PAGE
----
Development and dynamics of cell polarity at a glance

Joseph P. Campanale, Thomas Y. Sun, Denise J. Montell

Research output: Contribution to journalArticlepeer-review

73 Scopus citations


Cells exhibit morphological and molecular asymmetries that are broadly categorized as cell polarity. The cell polarity established in early embryos prefigures the macroscopic anatomical asymmetries characteristic of adult animals. For example, eggs and early embryos have polarized distributions of RNAs and proteins that generate global anterior/posterior and dorsal/ventral axes. The molecular programs that polarize embryos are subsequently reused in multiple contexts. Epithelial cells require apical/basal polarity to establish their barrier function. Migrating cells polarize in the direction of movement, creating distinct leading and trailing structures. Asymmetrically dividing stem cells partition different molecules between themselves and their daughter cells. Cell polarity can develop de novo, be maintained through rounds of cell division and be dynamically remodeled. In this Cell Science at a Glance review and poster, we describe molecular asymmetries that underlie cell polarity in several cellular contexts. We highlight multiple developmental systems that first establish cell/developmental polarity, and then maintain it. Our poster showcases repeated use of the Par, Scribble and Crumbs polarity complexes, which drive the development of cell polarity in many cell types and organisms.We then briefly discuss the diverse and dynamic changes in cell polarity that occur during cell migration, asymmetric cell division and in planar polarized tissues.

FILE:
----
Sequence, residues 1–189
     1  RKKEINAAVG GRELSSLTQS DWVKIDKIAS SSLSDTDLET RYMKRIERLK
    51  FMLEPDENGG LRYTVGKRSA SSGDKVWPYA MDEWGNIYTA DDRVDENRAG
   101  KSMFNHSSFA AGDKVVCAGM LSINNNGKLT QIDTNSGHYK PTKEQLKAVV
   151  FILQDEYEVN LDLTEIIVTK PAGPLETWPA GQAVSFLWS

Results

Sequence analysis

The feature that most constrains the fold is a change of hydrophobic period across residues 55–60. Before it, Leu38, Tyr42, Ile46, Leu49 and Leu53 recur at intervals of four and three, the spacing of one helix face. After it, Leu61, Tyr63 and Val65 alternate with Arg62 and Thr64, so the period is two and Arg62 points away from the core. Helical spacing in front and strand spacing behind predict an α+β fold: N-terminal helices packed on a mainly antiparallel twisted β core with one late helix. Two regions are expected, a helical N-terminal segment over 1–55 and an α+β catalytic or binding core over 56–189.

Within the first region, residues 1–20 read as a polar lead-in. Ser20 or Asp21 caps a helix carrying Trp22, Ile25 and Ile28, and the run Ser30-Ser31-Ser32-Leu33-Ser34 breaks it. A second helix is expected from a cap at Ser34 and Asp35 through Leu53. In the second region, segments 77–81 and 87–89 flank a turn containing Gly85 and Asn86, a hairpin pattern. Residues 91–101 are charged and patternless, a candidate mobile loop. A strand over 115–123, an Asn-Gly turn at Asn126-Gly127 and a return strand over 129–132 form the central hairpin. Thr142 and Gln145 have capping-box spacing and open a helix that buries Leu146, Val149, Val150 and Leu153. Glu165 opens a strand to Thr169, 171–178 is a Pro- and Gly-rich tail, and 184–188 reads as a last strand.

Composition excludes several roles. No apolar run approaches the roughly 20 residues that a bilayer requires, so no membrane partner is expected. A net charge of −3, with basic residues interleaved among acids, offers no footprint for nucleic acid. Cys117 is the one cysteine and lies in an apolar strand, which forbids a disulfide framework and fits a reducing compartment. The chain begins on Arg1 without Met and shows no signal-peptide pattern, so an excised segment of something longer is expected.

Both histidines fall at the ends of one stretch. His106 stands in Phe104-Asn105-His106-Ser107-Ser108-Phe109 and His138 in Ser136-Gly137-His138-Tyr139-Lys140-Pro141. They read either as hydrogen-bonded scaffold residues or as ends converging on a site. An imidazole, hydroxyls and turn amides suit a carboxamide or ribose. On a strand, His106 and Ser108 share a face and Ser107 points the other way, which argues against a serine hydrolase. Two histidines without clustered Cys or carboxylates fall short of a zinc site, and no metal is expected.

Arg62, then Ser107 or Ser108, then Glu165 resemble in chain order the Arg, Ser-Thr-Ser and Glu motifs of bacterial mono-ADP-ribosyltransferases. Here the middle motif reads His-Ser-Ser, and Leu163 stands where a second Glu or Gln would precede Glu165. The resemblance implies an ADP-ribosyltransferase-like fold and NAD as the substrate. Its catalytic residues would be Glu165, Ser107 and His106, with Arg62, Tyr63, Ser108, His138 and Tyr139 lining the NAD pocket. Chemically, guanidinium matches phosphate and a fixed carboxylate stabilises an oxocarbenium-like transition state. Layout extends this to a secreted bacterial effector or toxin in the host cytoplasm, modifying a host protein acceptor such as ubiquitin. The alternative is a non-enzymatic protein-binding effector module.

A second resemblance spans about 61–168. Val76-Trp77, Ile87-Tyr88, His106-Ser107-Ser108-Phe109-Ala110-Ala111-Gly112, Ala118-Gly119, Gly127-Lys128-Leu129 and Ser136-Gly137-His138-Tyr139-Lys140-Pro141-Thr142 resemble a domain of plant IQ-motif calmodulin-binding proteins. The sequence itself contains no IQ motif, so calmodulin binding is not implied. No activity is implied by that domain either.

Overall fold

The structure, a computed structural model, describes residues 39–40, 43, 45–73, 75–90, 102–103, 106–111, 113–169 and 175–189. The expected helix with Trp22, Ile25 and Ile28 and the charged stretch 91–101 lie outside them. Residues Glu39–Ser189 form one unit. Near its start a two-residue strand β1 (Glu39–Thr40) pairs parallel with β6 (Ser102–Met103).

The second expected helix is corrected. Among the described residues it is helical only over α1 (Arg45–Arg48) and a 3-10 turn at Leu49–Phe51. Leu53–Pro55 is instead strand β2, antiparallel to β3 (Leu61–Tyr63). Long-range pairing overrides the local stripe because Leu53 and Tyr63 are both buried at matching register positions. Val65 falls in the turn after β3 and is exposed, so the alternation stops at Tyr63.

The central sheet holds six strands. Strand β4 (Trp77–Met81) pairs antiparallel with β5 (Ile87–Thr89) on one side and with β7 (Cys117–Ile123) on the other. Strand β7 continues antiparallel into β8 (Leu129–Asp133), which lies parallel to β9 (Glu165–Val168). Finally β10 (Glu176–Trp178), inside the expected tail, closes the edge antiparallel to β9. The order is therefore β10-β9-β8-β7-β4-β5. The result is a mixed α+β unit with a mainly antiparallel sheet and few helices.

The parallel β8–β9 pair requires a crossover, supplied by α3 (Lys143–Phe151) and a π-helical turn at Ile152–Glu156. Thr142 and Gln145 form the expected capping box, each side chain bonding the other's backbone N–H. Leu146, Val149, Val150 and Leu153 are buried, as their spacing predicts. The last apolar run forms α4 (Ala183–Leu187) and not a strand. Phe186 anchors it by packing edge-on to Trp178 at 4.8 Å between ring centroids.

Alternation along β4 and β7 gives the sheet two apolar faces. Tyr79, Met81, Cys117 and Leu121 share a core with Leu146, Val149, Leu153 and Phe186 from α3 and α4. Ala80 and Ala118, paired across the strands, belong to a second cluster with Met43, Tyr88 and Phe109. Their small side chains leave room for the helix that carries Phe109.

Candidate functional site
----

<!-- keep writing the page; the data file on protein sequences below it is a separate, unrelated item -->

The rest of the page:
Original languageEnglish (US)
Pages (from-to)1201-1207
Number of pages7
JournalJournal of cell science
Issue number7
StatePublished - Apr 1 2017


  • Apical basal polarity
  • Asymmetric cell division
  • Axis specification
  • Cell migration
  • Cell polarity complexes
  • Cell polarity signaling
  • Crumbs complex
  • Par complex
  • Planar cell polarity
  • Scribble complex

ASJC Scopus subject areas

  • Cell Biology


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